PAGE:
This superbly intelligent, keenly observed comedy of manners, set amid the glitter of cultural Manhattan in 2001, also looks unsparingly, though sympathetically, at a privileged class unwittingly poised, in its insularity, for the catastrophe of 9/11. Messud gracefully intertwines the stories of three friends, attractive, entitled 30-ish Brown graduates “torn between Big Ideas and a party” but falling behind in the contest for public rewards and losing the struggle for personal contentment. The vibrant supporting cast includes a deliciously drawn literary seducer (“without question, a great man”) and two ambitious interlopers, teeming with malign energy, whose arrival on the scene propels the action forward.
THE LAY OF THE LAND
By Richard Ford. Alfred A. Knopf, $26.95.
The third installment, following “The Sportswriter” (1986) and “Independence Day” (1995), in the serial epic of Frank Bascombe – flawed husband, fuddled dad, writer turned real estate agent and voluble first-person narrator. Once again the action revolves around a holiday. This time it’s Thanksgiving 2000: the Florida recount grinds toward its predictable outcome, and Bascombe, now 55, battles prostate cancer and copes with a strange turn in his second marriage. The story, which unfolds over three days, is filled with incidents, some of them violent, but as ever the drama is rooted in the interior world of its authentically life-size hero, as he logs long hours on the highways and back roads of New Jersey, taking expansive stock of middle-age defeats and registering the erosions of a brilliantly evoked landscape of suburbs, strip malls and ocean towns.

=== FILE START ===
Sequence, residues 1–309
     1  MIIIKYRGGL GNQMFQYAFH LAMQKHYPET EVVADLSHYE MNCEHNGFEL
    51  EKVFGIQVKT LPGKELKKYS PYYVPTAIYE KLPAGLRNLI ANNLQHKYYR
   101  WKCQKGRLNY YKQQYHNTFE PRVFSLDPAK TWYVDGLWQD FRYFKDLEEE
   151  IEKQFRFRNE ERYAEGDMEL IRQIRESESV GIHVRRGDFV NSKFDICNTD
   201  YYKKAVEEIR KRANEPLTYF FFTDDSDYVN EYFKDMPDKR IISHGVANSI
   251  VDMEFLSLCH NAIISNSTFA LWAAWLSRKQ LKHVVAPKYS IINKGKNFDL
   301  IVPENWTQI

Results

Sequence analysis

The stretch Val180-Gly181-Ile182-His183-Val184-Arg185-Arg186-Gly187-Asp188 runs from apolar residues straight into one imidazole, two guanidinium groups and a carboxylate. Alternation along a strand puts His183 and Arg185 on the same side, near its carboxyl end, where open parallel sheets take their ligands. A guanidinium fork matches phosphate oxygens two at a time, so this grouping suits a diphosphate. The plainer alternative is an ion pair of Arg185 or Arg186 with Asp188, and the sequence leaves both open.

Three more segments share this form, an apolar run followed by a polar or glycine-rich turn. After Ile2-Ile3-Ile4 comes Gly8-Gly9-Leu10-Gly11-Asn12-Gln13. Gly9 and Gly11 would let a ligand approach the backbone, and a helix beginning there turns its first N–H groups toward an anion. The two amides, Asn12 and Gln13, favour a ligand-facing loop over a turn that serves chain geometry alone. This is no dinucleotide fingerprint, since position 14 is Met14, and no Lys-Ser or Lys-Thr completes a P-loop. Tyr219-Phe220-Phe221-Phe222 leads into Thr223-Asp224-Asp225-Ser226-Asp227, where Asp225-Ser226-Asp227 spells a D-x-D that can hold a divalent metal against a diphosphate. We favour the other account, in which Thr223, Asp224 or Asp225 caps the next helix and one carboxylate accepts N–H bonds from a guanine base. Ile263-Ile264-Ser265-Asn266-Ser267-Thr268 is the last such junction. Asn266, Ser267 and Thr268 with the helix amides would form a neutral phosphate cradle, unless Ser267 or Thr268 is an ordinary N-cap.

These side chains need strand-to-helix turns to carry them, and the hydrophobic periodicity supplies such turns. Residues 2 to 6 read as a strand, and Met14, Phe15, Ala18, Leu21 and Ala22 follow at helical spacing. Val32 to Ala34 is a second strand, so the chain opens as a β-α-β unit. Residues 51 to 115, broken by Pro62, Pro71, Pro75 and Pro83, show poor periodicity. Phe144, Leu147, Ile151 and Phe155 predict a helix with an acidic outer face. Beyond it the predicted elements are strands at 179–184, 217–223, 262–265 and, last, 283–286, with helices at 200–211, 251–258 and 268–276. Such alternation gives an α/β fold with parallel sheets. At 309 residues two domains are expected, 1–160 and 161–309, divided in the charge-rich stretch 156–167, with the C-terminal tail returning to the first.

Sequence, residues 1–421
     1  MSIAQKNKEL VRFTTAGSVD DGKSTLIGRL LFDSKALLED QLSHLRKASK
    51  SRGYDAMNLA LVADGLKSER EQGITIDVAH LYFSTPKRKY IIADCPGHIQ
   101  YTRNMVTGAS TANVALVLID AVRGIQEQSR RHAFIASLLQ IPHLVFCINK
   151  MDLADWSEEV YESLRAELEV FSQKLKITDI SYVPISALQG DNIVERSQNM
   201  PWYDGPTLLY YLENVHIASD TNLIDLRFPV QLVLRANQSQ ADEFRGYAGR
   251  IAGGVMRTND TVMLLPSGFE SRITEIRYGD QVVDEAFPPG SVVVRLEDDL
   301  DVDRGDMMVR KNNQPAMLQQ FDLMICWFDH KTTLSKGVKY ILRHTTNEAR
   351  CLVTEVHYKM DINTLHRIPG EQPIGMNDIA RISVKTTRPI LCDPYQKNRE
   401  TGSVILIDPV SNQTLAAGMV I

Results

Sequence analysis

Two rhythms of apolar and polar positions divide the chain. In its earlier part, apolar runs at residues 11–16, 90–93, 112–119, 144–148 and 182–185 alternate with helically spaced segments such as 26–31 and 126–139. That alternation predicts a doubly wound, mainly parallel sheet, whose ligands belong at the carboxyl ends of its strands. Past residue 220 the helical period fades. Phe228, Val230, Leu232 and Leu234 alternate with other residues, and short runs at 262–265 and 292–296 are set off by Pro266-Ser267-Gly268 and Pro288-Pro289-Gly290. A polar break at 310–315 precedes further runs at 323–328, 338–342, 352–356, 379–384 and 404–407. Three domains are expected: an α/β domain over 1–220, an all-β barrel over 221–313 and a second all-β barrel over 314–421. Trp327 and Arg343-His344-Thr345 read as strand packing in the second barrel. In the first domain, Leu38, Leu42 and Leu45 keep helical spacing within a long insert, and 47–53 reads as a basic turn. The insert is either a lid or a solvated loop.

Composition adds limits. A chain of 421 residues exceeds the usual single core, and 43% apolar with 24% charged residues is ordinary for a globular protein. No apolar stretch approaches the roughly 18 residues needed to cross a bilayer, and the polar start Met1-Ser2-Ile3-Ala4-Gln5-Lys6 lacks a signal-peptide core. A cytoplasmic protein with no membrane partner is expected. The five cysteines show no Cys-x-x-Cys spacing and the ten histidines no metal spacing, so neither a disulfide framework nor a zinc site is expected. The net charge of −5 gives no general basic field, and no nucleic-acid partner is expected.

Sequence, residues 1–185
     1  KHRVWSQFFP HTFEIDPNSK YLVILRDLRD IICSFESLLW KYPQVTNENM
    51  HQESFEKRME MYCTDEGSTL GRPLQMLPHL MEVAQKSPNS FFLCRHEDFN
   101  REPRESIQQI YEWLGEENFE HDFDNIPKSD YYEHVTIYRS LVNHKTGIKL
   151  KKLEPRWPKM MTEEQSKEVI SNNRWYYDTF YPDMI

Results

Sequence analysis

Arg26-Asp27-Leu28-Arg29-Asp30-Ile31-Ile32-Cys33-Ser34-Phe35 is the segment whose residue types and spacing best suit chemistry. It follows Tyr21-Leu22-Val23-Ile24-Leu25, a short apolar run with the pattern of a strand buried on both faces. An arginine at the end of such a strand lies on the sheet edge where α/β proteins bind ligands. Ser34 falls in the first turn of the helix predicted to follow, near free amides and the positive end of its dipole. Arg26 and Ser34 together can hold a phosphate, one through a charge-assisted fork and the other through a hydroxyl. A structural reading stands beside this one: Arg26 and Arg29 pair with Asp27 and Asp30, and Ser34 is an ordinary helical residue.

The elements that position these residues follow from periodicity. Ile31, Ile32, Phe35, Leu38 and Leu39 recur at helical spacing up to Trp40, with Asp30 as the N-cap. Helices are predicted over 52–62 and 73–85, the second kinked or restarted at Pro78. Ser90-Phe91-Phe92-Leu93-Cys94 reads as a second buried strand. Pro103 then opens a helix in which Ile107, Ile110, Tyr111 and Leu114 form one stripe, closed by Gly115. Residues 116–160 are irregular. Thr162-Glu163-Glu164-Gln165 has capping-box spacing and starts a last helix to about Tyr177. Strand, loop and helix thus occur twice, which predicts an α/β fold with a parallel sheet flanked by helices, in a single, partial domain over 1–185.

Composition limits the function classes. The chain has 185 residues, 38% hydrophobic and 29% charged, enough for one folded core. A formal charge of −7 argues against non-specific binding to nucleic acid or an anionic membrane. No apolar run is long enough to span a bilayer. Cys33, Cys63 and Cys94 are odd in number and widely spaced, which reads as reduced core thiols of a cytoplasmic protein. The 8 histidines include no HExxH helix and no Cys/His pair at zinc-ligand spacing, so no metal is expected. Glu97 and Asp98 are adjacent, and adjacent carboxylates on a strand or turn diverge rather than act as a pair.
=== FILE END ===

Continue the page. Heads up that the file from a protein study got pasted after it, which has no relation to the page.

SPECIAL TOPICS IN CALAMITY PHYSICS
By Marisha Pessl. Viking, $25.95.
The antic ghost of Nabokov hovers over this buoyantly literate first novel, a murder mystery narrated by a teenager enamored of her own precocity but also in thrall to her father, an enigmatic itinerant professor, and to the charismatic female teacher whose death is announced on the first page. Each of the 36 chapters is titled for a classic (by authors ranging from Shakespeare to Carlo Emilio Gadda), and the plot snakes ingeniously toward a revelation capped by a clever “final exam.” All this is beguiling, but the most solid pleasures of this book originate in the freshness of Pessl’s voice and in the purity of her storytelling gift.